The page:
Ashdown Talk about the Shift of Power

I just watched a very interesting TED talk by Paddy Ashdown about the shifts of power going on in the world today. He made several points:

A) Power is moving vertically, from the nation-state to the global community. With how interconnected everything is today, international governance will become increasingly important. Per him, this will probably not happen through the establishment, or strengthening, of an international government. Instead, this will be governance enforced by international treaties--something we are already seeing.

B) Power is moving horizontally, away from the West and the USA, toward the entire world. The West will no longer be clearly dominant, as other parts of the world rise in power, wealth and technology. The USA will probably remain the pre-eminent power for a while yet, but it will be the first among many, rather than the only kid in the park.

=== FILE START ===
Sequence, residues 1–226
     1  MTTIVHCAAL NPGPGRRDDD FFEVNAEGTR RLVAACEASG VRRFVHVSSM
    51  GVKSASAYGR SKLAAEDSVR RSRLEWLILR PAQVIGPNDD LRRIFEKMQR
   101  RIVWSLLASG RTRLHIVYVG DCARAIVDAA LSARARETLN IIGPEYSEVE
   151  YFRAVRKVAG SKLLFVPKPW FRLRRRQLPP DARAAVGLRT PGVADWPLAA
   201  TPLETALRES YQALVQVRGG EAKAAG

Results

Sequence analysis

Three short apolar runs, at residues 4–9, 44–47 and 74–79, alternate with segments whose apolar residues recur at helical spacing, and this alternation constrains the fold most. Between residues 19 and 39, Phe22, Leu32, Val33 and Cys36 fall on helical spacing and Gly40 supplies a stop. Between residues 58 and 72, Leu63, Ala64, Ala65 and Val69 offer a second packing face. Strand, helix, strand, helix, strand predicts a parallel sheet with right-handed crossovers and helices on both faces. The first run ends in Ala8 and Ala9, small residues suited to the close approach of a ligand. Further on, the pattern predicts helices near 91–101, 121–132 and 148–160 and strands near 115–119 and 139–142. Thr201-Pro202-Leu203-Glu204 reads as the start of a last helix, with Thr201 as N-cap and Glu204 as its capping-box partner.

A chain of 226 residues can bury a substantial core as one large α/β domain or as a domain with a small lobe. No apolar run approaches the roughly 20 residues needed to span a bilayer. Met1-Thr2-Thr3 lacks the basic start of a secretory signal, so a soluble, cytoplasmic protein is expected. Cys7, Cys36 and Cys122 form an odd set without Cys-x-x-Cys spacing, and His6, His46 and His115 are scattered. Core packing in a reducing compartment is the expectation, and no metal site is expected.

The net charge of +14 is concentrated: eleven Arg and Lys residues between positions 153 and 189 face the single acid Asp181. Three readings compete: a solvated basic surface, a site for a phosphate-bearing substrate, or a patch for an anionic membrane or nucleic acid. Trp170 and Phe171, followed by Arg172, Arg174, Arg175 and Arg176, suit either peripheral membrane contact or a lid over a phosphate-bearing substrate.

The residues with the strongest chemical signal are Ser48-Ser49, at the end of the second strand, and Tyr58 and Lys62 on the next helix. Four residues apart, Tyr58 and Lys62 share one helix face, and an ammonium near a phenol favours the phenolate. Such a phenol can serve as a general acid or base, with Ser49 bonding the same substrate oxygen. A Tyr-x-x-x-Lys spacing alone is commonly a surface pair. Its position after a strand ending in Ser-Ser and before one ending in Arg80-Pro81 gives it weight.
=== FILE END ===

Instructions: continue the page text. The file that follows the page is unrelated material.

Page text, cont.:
C) Power is moving away from military strength, and into other areas: industry, technology, infrastructure and social clout. The world is so interconnected now, no nation-state can crouch, self-sufficient, behind their walls, because no one is self-sufficient behind their walls. Riots and grain shortages on one continent can have consequences across the world.

We must understand that we have a shared destiny, with each other, and with our enemies.

Monday, January 9, 2012

The Future of Energy

Getting active with a blog again has reminded me of the energy blog which I was doing earlier this year, before an overwhelming amount of spam and an underwhelming amount of real interest killed my enthusiasm for it. I'm still interested in the question of green energy, and, let's face it--it looks bleak at the moment.